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The Villages

Date: 2008-06-18 23:34
Subject: nottingham
Security: Public
Location:the utility room in the sky
Music:wishbone ash
The Telegraph is reporting that Ridley Scott is planning a Robin Hood movie. It's to be called Nottingham and will star Russell Crowe as the Sheriff of Nottingham and Sienna Miller as Maid Marion and it will be a `revisionist' version with the Sheriff as the good guy and Robin Hood as the bad guy.
Now wait a minute. How on earth can you have a revisionist version of a story that's been cobbled together down the years from ballads and legends and stories and court records? You might as well write a revisionist version of Sherlock Holmes, or Sweeney Todd. What is the point of this? The characters could be anyone and it would have the same currency.
On the other hand, as Ridley Scott is a Brit I'm presuming he'll avoid the wonderful scene in Prince Of Thieves where Kevin Costner and Morgan Freeman land under the white cliffs of Dover and Costner tells Freeman, "Tonight we will sleep in my father's house in Nottingham." Word up, Kevin, you'd be lucky if you could do that today. And then there's that extraordinary montage of their journey to Nottingham, which includes them walking along Hadrian's Wall, having mysteriously overshot Nottingham by a couple of hundred miles. Oh I love Prince Of Thieves. I shout at the television when I see that sequence.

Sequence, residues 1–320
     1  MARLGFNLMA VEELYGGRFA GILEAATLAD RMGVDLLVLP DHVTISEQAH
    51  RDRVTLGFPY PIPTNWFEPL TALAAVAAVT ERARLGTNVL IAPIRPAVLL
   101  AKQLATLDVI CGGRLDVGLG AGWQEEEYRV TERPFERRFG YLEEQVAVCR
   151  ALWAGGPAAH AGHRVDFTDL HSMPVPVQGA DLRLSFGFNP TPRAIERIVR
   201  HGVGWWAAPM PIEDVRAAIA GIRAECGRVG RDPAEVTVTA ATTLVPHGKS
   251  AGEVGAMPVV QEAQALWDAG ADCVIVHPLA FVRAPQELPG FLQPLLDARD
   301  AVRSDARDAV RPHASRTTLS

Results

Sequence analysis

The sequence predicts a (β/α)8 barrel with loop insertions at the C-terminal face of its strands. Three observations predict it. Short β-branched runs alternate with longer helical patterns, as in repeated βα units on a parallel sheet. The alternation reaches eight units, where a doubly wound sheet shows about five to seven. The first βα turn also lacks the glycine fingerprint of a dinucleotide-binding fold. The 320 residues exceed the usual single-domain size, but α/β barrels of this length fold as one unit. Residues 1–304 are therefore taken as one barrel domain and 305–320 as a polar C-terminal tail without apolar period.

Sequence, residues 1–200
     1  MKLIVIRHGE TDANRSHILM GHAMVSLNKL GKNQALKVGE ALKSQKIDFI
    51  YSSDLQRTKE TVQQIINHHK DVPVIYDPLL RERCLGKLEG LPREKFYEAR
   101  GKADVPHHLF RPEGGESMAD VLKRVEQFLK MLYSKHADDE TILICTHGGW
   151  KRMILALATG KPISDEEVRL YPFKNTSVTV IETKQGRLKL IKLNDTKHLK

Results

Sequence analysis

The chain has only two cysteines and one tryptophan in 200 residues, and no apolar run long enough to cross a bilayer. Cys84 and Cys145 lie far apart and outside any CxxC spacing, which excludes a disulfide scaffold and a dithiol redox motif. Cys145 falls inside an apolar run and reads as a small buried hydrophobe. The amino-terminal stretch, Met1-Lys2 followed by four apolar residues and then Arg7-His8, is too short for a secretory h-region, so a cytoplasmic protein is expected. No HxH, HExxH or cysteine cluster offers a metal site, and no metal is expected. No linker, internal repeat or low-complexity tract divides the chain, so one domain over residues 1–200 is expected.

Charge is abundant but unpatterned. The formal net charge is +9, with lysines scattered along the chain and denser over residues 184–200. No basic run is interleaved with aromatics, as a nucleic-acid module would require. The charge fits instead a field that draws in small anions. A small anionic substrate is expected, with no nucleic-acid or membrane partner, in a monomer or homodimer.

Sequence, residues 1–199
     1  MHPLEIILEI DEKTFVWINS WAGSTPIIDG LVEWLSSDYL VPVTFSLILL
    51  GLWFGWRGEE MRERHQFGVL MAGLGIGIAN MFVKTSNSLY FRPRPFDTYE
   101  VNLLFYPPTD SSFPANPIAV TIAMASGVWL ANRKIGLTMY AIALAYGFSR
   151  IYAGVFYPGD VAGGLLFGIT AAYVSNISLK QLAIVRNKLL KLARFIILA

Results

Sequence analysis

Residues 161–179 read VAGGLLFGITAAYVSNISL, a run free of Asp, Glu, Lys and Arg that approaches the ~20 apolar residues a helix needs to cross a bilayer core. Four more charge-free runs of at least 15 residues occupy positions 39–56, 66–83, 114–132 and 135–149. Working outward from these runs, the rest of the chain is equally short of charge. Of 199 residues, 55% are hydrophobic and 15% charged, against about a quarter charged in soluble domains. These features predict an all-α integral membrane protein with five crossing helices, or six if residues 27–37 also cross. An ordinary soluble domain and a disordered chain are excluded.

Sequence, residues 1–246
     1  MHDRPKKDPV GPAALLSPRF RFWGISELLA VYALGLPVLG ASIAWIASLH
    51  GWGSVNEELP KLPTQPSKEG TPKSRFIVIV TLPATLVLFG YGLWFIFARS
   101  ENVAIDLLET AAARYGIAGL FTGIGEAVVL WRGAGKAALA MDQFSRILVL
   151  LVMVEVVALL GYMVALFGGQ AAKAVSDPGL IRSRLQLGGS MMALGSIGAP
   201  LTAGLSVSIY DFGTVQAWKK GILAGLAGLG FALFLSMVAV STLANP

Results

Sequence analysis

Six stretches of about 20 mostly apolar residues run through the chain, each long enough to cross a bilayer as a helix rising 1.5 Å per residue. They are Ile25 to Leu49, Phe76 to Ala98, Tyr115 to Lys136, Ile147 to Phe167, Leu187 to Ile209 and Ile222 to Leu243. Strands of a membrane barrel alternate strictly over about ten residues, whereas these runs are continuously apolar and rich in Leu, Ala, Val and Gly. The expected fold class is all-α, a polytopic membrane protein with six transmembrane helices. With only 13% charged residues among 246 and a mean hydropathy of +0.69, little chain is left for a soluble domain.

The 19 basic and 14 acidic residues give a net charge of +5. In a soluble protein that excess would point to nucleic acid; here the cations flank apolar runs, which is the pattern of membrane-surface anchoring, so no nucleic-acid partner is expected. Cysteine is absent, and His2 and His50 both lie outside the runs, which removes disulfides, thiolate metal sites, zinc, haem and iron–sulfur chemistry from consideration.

On the third hand, it seems Robin has yet to be cast, and it would be only fair and symmetrical for Alan Rickman to play the part, don't you think?
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User: hutch0
Date: 2008-06-19 22:12 (UTC)
Subject: (no subject)
Yeah, I thought that about the onager - that's the siege engine thing, right? That was ripe for a Wile E Coyote Moment.
I guess that's why I quite liked the `rival' Robin Hood film that came out at the same time as Prince Of Thieves, the one with Patrick Bergin. It seemed - to my untutored eye - to be more `authentic,' although it probably wasn't.
All the inconsistencies you spot about armour and weapons go right by me, I'm afraid, because I know nothing about those subjects. But by the same token I suspect that `Tonight we will sleep in my father's house in Nottingham' line went right by a significant percentage of the film's worldwide audience. On the other hand, I'll bet you could have a film with a scene where someone walks out of the SECC in Glasgow and says to someone else, "Let's walk up to Aberfeldy; we can be there by teatime," and a London audience wouldn't bat an eyelid.
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